I just read a study evaluating the use of various vitamins and supplements and likelihood of getting skin cancer (squamous cell carcinoma of the skin) and wanted to let you know the exciting news about the results. The study was performed at the Kaiser Permenente Hospitals in San Francisco (where else?)
Here’s the scientific part: four hundred fifteen patients with squamous cell carcinoma (SCC) were age-matched with an equal number without cancer. They were questioned about their use of Vitamins A, C, D, and E, and grape seed extract. Grape seed extract (not to be confused with grapefruit seed extract) contains powerful anti-oxidants including “proanthocyanidins”. These neutralize “free radicals” generated by sunlight, and help prevent sun damage to the DNA that leads to cancer.
What it means for you: The study showed that there was a significant association between use of grape seed extract and reduced development of skin cancer. Multivitamin use was associated with a borderline significant reduction in SCC’s. Vitamins A, C, E, and D were not associated with any change in likelihood of developing SCC. The only unsettling variable in the study was the increased prevalence of blond and red hair in the SCC group (unsettling because this means that people with lighter complexions seemed to have more incidence of cancer.)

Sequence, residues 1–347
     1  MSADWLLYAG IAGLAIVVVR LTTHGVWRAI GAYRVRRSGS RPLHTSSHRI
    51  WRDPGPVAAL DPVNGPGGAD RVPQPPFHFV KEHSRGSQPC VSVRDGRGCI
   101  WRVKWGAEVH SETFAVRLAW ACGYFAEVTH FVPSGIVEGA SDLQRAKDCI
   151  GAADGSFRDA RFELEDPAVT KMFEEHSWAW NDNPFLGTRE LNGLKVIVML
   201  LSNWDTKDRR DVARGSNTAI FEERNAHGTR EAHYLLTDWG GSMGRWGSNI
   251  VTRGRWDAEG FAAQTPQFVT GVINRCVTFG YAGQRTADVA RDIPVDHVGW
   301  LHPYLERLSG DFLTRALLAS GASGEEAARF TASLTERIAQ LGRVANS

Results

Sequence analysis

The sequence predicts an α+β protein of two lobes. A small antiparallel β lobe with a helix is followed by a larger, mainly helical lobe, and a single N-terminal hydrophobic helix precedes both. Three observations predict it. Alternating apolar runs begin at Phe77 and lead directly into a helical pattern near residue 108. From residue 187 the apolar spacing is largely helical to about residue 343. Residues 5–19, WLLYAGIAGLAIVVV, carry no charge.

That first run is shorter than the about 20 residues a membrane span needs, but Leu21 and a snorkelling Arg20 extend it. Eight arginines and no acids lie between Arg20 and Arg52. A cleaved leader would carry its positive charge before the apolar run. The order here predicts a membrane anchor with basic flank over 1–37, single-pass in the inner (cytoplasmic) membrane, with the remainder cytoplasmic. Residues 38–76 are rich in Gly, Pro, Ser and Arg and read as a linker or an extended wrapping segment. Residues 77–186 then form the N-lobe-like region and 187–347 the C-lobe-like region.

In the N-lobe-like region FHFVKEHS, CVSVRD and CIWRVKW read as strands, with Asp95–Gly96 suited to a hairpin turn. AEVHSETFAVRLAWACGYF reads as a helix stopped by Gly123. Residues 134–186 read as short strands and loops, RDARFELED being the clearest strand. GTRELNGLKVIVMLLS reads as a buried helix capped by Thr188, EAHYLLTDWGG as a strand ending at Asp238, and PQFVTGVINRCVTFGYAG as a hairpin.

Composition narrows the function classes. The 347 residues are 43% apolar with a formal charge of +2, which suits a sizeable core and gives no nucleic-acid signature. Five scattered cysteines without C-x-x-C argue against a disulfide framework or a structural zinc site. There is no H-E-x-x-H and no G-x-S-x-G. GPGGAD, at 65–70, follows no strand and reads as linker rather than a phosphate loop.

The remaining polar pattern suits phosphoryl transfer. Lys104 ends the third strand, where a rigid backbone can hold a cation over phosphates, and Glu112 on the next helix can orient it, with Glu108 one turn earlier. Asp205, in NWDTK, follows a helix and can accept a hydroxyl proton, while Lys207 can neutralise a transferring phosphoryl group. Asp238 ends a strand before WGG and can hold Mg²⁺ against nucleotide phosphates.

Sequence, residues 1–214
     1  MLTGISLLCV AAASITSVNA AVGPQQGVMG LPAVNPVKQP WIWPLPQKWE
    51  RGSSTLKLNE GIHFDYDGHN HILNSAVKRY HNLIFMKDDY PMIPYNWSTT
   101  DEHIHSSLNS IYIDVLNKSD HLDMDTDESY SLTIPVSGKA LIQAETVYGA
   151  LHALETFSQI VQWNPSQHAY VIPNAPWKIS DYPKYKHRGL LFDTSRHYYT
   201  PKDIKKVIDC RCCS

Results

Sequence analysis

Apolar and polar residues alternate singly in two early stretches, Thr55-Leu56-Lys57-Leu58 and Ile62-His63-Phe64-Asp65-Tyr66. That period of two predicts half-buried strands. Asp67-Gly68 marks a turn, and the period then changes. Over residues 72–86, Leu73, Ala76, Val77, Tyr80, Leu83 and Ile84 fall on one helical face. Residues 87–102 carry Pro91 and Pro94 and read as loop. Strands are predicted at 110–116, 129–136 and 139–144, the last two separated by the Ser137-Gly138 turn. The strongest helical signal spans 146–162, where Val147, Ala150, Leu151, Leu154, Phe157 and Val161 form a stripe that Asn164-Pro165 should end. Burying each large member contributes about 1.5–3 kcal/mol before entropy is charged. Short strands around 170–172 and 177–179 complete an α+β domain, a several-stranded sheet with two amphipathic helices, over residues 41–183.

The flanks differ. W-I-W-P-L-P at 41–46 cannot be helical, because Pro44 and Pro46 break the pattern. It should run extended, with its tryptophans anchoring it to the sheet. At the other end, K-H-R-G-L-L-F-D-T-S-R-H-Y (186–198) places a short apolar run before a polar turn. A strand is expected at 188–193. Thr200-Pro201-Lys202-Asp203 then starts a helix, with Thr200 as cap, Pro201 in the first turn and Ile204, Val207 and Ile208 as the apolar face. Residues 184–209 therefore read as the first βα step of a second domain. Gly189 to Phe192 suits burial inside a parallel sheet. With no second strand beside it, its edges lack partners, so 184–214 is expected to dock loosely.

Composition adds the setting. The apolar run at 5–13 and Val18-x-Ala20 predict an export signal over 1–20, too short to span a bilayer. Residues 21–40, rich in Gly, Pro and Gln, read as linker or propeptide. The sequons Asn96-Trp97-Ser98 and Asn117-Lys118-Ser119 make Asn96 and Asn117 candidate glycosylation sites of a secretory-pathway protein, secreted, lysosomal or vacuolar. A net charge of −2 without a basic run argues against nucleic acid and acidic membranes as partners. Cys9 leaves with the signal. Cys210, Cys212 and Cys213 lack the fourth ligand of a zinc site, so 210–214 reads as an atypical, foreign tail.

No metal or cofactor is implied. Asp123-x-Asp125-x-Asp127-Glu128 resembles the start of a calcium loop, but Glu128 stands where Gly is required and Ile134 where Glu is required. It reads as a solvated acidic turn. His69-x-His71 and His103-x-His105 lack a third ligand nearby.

Although there were some potential faults in the study design, it does point to the potential protective effects of powerful antioxidants like grape seed extract in protecting against squamous cell cancer of the skin. It does not remove the need for sun protection, but may offer protective additional protection.